Stoops and athletic director Joe Castiglione said as much in a release when the announcement was made, but Stoops once again made a point to calm fans worried that OU’s uniforms would take a drastic step away from what it has traditionally worn.
“(It’s) something that we’re not going to go overboard with that,” Stoops said. “That’s going to be a very occasional thing we’ll do.
“Anyone that’s panicked out there, just relax. It won’t be something that’ll be too much.”
Stoops was then asked if the determination had been made how many times the uniforms will be worn this year, in which games and how that will be determined.
“No, no and don’t know,” Stoops said.
GRISSOM LIKES PLAYING OLB
Oklahoma senior Geneo Grissom said defensive coordinator Mike Stoops approached him before the Sugar Bowl and told him they planned to eventually move him from defensive end to linebacker.
“I thought he was kidding so I kinda brushed it off,” Grissom said. “Going into the spring, they said, ‘No, we’re really moving you.’
“It was a good surprise. It’s been a lot of fun learning a new position.”
Grissom, who recorded 40 tackles and 4.5 sacks last season, said he’s excited to have more pass-coverage responsibilities.
“Most D-linemen, all they’re doing is rushing the edge,” Grissom said. “Now I can rush the edge and drop into coverage a little bit.
“I’m sure those NFL scouts are looking for guys with versatility. I’ve been all over the field, so I’m just looking to make plays.”
TOM FARNIOK PROUD OF BROTHER
Iowa State senior offensive lineman Tom Farniok represented the Cyclones at Big 12 Media Days, and spoke some about his brother, OU junior Derek Farniok.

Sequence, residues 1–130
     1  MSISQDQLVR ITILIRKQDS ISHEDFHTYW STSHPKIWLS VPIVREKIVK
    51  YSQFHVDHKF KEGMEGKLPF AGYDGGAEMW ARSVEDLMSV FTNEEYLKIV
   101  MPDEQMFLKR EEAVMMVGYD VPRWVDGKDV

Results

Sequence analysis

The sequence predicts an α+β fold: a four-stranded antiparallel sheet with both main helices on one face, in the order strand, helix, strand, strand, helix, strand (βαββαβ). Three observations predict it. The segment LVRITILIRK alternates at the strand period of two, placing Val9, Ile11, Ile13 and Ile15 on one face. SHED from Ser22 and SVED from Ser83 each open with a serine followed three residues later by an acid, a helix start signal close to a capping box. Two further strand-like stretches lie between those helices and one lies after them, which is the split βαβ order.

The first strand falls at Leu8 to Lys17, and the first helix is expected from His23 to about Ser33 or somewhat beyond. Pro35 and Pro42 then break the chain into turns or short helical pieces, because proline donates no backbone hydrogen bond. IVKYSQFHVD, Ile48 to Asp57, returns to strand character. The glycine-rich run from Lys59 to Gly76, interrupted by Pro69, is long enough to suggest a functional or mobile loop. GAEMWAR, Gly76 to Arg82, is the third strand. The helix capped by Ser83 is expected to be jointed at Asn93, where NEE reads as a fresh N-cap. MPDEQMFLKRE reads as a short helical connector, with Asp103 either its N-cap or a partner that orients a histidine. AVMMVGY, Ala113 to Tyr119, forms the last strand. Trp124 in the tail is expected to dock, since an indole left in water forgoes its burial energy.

Farniok started the Sooners’ 33-24 Bedlam upset of Oklahoma State after starting tackle Tyrus Thompson was injured the week before.
“He played well,” Tom Farniok said. “He had one holding call that was just a horrific call, and he had one other one where he just got beat and had to grab onto the guy. I think he gave up one pressure. I mean, for your first start in a big-time game like that, that’s a solid game.
“Then you look at the final drive when it was go-time, and he was on. He made the blocks he needed to. That says you can lean on him when it’s a high-pressure time.”
Derek Farniok came to OU a big and strong — but very raw — talent. The Farnioks are from Sioux Falls, S.D.
“I think it was an eye-opener,” Tom Farniok said. “He was used to being the biggest, strongest guy, but he was very, very raw. I talked to Stoops a little bit today; he said he’s doing well and coming into his own.”